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Australian Direct via Panama Steam Navigation Company seal

Date: 1853
Overall: 7 x 84 mm, 71 g
Medium: Ebonised wood, paper, shellac
Credit Line: ANMM Collection
Object Name: Company seal
Object No: 00046490

User Terms

    This company seal made of shellac is embossed 'The Australian Direct via Panama Steam Navigation Company 1853', along with the arms of the company - a lion and a kangaroo supporting a globe showing the company's steam route from England to Australia. The arms are surmounted by the image of a three-masted auxiliary steamer under a royal crown. The seal is housed in a round ebonised wooden case, of which the manufacturer's details are on the base.
    SignificanceThe gold rushes were one of the major driving forces behind the economic expansion of the Australian colonies in the 19th century. Although The Australian Direct via Panama Steam Navigation Company was not successful the company seal is a perfect symbol of the hope, optimism and entrepreneurial spirit that was associated with all things to do with Australia in the 1850s.
    HistoryThe discovery of gold in eastern Australia in the early 1850s resulted in an unprecedented acceleration in the flow of immigrants to the colonies of New South Wales, Victoria, and later South Australia. From 1850 to 1860 the population of the Australian colonies grew from 405,000 to over 1,145,000 as hundreds of thousands of diggers and their families flocked to Australia in an attempt to improve their luck and strike it rich.

    The gold rushes were a period of great social and economic growth in Australia. Spurred on by the Australian gold rushes and corresponding increase in population, there was a rapid increase in demand for goods and services which could only be met by expansion within agriculture, industry and commerce. The gold rushes and the associated demand for passenger ships and faster services persuaded a number of merchants, bankers, lawyers and sailors to invest in and provide additional, faster and or more efficient methods of getting to the gold colonies of New South Wales and Victoria.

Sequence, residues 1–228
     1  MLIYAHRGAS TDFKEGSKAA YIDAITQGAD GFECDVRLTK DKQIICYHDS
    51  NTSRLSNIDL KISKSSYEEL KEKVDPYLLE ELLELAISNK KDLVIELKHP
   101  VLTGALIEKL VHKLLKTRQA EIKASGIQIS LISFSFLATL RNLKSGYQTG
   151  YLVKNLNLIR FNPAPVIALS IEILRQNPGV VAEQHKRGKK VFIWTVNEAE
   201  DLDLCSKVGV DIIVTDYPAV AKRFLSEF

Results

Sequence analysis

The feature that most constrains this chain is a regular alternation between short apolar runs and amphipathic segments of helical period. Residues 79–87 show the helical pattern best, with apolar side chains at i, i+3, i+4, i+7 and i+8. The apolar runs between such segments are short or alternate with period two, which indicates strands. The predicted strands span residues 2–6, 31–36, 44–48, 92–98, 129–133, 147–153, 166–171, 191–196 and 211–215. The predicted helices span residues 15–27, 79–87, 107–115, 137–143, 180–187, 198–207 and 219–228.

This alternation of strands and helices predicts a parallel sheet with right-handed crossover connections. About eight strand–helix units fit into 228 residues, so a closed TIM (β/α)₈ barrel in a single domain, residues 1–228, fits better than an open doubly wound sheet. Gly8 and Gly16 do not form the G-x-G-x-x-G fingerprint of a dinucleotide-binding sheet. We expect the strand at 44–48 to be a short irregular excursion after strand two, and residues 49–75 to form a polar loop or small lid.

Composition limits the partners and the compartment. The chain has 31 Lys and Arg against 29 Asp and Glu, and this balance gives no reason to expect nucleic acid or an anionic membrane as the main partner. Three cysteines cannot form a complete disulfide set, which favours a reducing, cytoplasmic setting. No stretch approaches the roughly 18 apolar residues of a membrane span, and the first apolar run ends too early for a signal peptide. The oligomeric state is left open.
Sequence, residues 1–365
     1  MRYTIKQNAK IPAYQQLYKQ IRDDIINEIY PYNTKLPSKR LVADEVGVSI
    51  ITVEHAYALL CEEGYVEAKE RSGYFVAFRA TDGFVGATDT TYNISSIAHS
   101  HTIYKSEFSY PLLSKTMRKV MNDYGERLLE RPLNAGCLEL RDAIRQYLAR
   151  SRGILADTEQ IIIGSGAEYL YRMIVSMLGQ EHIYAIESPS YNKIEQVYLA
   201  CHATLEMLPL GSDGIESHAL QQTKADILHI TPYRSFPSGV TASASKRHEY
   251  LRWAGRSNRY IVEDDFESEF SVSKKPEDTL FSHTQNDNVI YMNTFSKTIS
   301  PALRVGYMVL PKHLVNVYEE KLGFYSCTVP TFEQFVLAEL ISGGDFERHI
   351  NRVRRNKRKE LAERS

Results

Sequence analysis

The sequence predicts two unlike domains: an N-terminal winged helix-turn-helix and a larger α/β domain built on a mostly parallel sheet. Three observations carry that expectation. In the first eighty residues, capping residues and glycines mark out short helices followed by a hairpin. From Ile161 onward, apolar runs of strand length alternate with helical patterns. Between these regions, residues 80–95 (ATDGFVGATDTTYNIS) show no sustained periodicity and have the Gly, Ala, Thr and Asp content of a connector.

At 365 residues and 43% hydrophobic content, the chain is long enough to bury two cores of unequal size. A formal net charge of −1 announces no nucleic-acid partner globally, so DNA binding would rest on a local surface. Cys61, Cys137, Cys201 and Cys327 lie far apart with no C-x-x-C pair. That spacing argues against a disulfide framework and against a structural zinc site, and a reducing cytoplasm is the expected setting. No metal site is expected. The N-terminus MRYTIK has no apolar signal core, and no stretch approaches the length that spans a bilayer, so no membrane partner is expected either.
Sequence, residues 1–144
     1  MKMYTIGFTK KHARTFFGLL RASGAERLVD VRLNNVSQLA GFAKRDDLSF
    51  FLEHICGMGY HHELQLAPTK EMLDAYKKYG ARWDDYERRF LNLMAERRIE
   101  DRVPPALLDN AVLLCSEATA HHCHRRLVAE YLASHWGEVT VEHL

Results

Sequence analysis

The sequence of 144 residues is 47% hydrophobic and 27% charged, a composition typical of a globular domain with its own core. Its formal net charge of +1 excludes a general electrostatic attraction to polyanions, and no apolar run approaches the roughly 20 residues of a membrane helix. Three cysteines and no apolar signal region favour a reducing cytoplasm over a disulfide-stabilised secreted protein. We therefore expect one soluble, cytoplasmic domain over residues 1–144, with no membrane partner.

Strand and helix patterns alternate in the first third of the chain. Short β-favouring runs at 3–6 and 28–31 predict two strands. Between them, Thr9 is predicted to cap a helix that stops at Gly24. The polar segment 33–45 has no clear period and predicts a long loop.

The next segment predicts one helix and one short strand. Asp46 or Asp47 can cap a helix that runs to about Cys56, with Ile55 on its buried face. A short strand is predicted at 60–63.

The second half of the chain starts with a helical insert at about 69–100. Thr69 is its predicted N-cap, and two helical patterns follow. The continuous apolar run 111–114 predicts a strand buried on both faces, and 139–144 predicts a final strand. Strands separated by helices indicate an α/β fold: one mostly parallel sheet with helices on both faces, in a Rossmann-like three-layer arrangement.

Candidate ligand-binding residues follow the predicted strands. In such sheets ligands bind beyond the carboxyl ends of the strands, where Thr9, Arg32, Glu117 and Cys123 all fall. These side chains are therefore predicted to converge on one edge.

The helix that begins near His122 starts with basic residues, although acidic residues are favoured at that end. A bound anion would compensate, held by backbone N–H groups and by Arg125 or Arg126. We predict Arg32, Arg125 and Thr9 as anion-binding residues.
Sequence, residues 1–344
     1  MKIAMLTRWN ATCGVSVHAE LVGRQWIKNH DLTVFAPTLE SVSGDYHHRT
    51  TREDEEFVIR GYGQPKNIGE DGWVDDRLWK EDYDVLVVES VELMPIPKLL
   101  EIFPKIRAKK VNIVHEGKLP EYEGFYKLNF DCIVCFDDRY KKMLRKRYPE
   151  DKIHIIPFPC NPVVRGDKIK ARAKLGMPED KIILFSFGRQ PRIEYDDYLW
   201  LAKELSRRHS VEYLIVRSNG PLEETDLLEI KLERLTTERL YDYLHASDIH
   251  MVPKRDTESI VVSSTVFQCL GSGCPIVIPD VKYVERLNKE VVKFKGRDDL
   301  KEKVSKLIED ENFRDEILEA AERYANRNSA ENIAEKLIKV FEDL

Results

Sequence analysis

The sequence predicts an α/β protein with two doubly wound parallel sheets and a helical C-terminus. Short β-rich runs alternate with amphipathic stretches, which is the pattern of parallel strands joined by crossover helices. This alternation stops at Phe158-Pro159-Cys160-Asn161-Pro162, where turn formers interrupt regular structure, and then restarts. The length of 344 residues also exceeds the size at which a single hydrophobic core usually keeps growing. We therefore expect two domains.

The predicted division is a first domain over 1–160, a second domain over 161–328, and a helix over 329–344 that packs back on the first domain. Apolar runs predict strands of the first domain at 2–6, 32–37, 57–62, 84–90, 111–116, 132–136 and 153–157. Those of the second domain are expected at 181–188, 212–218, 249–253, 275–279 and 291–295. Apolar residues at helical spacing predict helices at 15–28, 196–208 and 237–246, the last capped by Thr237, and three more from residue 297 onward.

The speculative formation of The Australian Direct via Panama Steam Navigation Company in 1853 was a direct result of the Australian gold rushes. The company prospectus published in The Melbourne Argus 11 May 1853 states:

    'The object of this Company is to meet with urgent requirements for accommodation caused by the increasing tide of emigration to Australia, the transmission of specie, and the growing importance of the Australian colonies, by the establishment of a direct and more expeditious line than any that at present exist, via the Isthmus of Panama, where the Railroad now in the course of construction will, it is confidently expected, be completed next September'.

    The prospectus goes on to examine the hazards that may be encountered on the existing routes to Australia, while praising the fine weather of the Pacific. The prospectus then lists other major advantages to the Panama route - including a shorter passage of 50 rather than 62 days, cheaper fares, and a restful break crossing the Panama.

    The Company was provisionally registered in London in February 1853 and announced in the Melbourne Argus, the Sydney Morning Herald, the Shipping Gazette and Sydney Trade List in early May 1853. The Company continued to advertise heavily its colonial share float of £300,000 and its English share float of £700,000 until late September 1853.

    Unfortunately for The Australian Direct via Panama Steam Navigation Company, a number of established American and British shipping companies had already seen the advantages in having a steam route across the Pacific. On 19 May 1853, the Australasian Steamship Company (Panama to Sydney) announced that its newly built steamer GOLDEN AGE of 2,864 tons had been launched in March 1853 and was commencing service in the next few days. The Company also announced the construction of a further five steamers to service the Australia and California route via Panama.

    Following this announcement a San Francisco Company called AG Sloo and Associates publicised the formation of a steam/railroad route across the Isthmus of Tehuantepec in Mexico which would take advantage of the Goatzocoalcon River and an already established plank road between the head of the river and the Pacific.

    These factors along with the delays in the construction of the US-financed Panama Railroad - it was opened in 1855, and marked improvements in direct steam communication between Britain and Australia - saw the demise of The Australian Direct via Panama Steam Navigation Company even before the company could be successfully floated.

    Additional Titles

    Web title: Australian Direct via Panama Steam Navigation Company seal

    Assigned title: Australian direct via Panama Steam Navigation Company seal in a round ebonised wood case.

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